ParentUp Campaign Encourages Parents to Talk to Teens

Vermont Parents Can Learn How to Prevent Underage Drinking

ParentUp VermontFor Immediate Release:  April 15, 2010
Media Contact: Communication Office
Vermont Department of Health

BURLINGTON – You can’t be everywhere with your teenager, and shadowing your child every hour of the day is not a realistic way to eliminate the risk that they will drink. In 2009, half of all high school seniors reported drinking alcohol in the past 30 days.

So how do you intervene when you can’t be there to stop them from drinking? As the Vermont Department of Health launches the second phase of the “Parent Up” campaign today, parents can learn how and when to intervene.

“We want parents to be aware of the many community prevention and intervention resources available to help,” said Barbara Cimaglio, deputy commissioner, Division of Alcohol & Drug Abuse Programs. “Parents can help protect teens from consequences that can affect them for the rest of their lives.”

The first phase of the campaign was designed for parents of middle-school aged students. Parents can play a significant role in changing the high rates of underage drinking in Vermont, and studies show that parents have the most influence on whether or not their child will drink.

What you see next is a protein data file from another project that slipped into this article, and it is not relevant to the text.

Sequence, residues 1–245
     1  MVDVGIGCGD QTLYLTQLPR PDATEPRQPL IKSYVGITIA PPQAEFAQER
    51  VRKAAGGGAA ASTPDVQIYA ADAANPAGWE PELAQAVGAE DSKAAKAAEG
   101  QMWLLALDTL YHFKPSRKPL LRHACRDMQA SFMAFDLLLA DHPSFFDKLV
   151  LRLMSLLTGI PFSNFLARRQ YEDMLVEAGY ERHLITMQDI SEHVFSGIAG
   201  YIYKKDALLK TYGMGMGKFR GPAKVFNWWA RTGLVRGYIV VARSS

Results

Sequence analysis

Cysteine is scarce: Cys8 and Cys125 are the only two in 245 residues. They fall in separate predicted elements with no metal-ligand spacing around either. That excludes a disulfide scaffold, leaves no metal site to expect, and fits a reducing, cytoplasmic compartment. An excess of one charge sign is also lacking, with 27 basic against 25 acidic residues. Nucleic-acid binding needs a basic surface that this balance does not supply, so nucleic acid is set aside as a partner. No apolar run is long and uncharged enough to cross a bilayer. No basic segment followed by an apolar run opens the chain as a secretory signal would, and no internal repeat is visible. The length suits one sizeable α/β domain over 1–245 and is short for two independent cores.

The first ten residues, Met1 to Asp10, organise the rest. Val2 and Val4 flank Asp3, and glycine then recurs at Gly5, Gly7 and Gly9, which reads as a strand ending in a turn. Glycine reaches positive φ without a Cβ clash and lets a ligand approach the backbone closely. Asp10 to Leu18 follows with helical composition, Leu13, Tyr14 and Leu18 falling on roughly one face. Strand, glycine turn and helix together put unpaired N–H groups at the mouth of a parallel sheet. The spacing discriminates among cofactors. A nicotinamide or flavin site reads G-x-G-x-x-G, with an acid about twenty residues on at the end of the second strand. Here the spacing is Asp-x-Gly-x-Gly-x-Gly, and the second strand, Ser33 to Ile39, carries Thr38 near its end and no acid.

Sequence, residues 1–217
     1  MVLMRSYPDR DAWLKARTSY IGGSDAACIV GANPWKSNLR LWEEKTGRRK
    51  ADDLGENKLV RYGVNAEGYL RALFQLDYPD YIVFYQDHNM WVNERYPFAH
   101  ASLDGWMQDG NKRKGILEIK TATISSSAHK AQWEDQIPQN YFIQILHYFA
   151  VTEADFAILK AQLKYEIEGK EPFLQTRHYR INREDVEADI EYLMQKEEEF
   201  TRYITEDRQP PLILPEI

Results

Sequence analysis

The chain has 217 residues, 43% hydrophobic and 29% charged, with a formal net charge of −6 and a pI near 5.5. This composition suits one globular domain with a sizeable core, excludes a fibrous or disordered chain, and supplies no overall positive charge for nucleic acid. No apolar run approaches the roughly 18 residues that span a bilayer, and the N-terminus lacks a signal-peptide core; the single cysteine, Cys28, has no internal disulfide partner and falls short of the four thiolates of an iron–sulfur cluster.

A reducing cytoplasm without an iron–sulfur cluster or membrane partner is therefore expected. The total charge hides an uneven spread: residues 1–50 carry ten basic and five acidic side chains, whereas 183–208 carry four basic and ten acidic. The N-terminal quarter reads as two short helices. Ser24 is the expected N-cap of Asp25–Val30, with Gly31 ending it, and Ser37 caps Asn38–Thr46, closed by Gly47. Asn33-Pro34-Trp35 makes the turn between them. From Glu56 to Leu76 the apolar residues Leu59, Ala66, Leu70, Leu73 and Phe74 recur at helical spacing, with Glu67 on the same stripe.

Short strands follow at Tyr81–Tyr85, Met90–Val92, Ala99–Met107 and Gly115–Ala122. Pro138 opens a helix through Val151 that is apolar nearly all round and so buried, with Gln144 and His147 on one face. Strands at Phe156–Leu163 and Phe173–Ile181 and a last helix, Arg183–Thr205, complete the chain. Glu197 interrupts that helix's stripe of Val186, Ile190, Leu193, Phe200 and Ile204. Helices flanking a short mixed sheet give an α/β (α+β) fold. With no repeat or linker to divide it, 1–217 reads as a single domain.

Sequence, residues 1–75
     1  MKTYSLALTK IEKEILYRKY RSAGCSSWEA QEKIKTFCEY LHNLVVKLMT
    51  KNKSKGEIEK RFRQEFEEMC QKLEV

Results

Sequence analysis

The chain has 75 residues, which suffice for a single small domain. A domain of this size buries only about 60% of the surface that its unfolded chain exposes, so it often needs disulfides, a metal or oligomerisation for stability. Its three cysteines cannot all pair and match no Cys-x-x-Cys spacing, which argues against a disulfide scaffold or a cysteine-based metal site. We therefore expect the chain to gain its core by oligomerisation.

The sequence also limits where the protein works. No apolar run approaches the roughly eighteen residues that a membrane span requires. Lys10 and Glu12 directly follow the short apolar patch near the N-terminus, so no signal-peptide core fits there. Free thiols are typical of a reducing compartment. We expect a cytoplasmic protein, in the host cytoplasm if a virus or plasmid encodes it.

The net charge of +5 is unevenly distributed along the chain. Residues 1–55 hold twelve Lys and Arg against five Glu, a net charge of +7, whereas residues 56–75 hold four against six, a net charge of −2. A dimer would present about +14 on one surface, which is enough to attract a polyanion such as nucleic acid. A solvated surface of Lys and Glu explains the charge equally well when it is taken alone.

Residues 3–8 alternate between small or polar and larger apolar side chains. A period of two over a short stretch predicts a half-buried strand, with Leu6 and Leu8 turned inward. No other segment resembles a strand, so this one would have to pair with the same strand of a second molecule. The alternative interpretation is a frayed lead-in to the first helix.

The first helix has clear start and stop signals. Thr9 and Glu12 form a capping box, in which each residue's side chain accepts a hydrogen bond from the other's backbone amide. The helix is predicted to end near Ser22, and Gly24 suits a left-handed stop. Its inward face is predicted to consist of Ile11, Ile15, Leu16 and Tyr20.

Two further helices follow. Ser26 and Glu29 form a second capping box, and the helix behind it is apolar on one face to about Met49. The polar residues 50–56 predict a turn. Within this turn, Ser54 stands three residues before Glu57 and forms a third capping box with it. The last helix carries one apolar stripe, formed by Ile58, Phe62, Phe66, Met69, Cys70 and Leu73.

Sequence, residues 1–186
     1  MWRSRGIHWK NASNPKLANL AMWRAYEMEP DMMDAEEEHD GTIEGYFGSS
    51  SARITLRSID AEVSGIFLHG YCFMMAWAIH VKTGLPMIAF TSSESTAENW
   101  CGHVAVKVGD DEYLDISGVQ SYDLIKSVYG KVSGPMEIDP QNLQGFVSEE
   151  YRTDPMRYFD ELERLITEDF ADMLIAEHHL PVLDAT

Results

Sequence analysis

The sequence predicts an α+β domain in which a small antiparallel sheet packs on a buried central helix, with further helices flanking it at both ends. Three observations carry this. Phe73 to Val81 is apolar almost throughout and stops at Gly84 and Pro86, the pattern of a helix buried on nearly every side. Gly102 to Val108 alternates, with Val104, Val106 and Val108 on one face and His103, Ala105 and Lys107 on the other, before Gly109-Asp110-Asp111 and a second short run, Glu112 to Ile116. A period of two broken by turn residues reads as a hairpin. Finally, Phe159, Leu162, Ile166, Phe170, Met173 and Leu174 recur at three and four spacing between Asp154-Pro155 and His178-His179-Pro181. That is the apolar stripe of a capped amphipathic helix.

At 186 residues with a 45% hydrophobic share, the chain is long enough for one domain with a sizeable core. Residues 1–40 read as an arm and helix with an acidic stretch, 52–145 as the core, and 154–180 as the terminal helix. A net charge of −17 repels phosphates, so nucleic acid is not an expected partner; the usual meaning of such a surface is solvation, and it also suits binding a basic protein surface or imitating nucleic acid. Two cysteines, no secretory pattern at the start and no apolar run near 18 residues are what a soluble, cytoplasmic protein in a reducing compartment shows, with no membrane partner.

The campaign includes a postcard mailed to 15,000 parents of Vermont high school students. The postcard shows a scene of teens gathered around a campfire in the woods. In the foreground is a mom, reading in her easy chair dressed in a robe and fuzzy slippers, who looks like she's at the scene ... but she isn't. Because you can't be everywhere with your teen.

The ParentUpVT.org Web site and other materials illustrate simple, proven steps parents can take such as setting clear rules, limiting access to alcohol, and refusing to host underage drinking parties.

While the rate of youth alcohol use has declined significantly in the last decade, 36 percent of Vermont eighth through 12th graders still report they drank alcohol at least once in the last 30 days. The majority of older teenagers say that someone gave them the alcohol, or that they had someone purchase it for them.

The campaign is one component of Vermont’s larger Strategic Prevention Framework efforts and involves 29 community coalitions. Parent Up supports local community coalitions with tools to create the right localized approach. ParentUpVT.org acts as a clearinghouse for information and resources.

The campaign is funded by the Substance Abuse & Mental Health Services Administration and the Department of Justice.

For more information on about the ParentUp campaign go to ParentUpVT.org or http://healthvermont.gov or dial 2-1-1.

You can follow us on Twitter at http://twitter.com/healthvermont.

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